PARALLELS configuration file, we can compile our kernel!
But before, let’s be smart and create a backup of our current kernel. I’m confident that I did a good job researching the options and devices, but I’ve made mistakes in the past (Trust but verify).
Creating a backup of our current kernel
Our kernel is located at
/boot/kernel so a simple copy should be fine:
1 2 cd /boot cp -a kernel kernel.2020-05-13
I named mine
kernel.2020-05-13 but you can name it whatever you want(e.g.
We are going to add our backup to the list of possible kernels to load for the system loader. If anything goes wrong, we can go back to our working kernel.
1 2 #We can edit /boot/loader.conf manualy or use syrc(8) sysrc -f /boot/loader.conf KERNELS="kernel kernel.old kernel.2020-05-13"
When we compile and install the kernel, the script creates an automatic backup as
kernel.old, but if we’ll be in a cycle of compile/install until we find the correct configuration,
kernel.old can be rewritten with any of our attempts and not our working kernel.
Ok, finally let’s compile and install.
Compiling and installing our custom Kernel
Now is when everything comes together. Go to the kernel source, and run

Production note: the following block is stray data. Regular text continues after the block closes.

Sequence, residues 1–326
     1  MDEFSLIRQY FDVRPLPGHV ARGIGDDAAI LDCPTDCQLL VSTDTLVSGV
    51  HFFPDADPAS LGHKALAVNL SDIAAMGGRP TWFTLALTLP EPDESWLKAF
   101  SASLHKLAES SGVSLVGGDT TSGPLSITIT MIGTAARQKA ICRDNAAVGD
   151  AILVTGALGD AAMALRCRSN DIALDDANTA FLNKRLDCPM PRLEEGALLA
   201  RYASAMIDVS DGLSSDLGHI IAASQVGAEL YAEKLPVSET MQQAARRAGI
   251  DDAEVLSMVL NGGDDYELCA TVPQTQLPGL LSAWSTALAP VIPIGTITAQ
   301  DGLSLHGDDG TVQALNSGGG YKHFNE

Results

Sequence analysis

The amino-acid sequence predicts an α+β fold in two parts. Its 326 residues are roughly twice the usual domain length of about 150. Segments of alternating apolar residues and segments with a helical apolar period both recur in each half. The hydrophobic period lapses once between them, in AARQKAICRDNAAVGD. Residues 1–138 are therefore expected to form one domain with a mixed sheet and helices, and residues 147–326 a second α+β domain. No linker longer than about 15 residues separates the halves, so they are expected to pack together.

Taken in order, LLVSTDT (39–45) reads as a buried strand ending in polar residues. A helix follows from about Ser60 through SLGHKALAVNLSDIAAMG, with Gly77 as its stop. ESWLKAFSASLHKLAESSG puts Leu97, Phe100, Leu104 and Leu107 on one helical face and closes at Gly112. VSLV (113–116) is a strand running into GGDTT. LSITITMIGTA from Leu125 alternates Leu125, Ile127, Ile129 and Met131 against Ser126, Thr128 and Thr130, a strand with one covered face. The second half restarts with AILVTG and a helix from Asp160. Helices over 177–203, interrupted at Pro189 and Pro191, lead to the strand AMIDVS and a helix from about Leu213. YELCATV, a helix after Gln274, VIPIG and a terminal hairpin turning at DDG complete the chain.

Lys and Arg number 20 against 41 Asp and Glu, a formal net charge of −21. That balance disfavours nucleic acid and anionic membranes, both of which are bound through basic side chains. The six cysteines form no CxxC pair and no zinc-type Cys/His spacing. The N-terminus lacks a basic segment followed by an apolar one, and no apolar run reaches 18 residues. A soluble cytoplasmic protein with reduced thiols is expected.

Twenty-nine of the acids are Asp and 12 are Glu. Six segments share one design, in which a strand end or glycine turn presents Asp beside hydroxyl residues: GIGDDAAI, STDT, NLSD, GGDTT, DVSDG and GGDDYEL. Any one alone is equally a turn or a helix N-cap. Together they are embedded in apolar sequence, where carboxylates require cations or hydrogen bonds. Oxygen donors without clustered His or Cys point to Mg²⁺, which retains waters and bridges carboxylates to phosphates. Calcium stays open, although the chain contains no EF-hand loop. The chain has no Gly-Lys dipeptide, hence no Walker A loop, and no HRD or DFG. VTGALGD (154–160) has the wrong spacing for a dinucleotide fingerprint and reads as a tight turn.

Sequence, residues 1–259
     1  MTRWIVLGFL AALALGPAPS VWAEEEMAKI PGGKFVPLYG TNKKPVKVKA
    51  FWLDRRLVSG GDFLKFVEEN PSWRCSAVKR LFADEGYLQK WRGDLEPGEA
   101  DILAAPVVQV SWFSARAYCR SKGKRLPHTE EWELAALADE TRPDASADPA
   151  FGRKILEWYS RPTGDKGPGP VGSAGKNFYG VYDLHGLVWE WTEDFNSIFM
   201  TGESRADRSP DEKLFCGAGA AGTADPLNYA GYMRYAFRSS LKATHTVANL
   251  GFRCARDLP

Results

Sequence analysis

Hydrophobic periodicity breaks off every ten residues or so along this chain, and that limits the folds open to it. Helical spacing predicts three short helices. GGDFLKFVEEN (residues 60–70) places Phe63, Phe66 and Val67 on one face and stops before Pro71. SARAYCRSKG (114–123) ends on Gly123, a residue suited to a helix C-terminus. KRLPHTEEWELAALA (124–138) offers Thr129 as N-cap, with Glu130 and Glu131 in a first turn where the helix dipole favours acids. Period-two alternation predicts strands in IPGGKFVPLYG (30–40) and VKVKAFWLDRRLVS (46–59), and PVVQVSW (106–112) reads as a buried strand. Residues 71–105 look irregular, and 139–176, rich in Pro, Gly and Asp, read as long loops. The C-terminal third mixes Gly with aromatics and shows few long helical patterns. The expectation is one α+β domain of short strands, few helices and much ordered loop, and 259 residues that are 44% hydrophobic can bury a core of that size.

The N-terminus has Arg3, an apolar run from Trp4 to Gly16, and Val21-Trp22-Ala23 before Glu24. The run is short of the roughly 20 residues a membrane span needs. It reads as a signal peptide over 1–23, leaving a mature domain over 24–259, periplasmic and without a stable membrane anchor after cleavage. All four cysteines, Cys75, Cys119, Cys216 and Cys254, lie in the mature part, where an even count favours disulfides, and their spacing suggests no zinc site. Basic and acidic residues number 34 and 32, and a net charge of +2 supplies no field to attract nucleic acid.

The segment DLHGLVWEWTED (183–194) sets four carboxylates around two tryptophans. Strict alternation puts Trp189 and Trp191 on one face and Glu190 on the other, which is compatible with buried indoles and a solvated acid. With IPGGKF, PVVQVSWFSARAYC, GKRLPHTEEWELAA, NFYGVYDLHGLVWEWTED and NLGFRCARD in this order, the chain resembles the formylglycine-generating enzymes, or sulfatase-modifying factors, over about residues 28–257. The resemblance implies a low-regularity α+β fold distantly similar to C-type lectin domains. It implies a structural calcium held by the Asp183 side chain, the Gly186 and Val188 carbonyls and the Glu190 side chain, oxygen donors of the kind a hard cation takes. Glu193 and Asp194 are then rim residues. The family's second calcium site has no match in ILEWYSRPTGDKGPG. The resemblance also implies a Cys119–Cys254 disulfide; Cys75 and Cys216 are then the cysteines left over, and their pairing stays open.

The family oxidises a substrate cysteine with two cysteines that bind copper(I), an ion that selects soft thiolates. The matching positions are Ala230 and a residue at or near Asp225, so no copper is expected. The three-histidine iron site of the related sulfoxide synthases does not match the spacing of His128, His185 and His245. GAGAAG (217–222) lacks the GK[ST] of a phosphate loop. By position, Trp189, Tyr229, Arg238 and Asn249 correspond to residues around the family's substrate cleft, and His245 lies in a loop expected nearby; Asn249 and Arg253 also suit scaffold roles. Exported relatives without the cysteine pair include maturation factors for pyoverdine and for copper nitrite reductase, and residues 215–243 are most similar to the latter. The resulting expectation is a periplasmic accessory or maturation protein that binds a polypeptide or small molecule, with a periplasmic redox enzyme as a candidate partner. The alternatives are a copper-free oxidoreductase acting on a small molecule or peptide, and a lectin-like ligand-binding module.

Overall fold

1 2 cd /usr/src make KERNCONF=PARALLELS buildkernel
If we forego the
KERNCONF variable the script will search for
If you got any errors, read the message carefully and go back and fix your
PARALLELS configuration file accordingly.
If everything went fine and the compilation completes successfully, we install the kernel:
1 2 make KERNCONF=PARALLELS installkernel #This moves the current /boot/kernel to /boot/kernel.od and moves our newly created one to /boot/kernel
And that’s it! We can reboot and test.
If the kernel doesn’t work, you can go to the boot menu select the working version of your kernel and figure out what went wrong.
Creating a custom Kernel is not a complicated task, it mostly takes time to research the correct options and drivers for your particular case. You might be wondering “how much space I saved?” after creating my custom kernel specially tailored for Parallels. Well, here is the answer:
1 2 3 $ du -sh /boot/kernel* 67M kernel 75M kernel.good
12M! The things we do for 12M. If we go only for size is not that much, but it was fun. And the less code we have in our system, the smaller the surface area for bugs. If you want to have a look at the PARALLELS configuration file I used, you can find it in this GitHub Gist.
Remember that your hardware might be different, so have a look at
/var/run/dmesg.boot to check your hardware.
Alright, that’s it for today.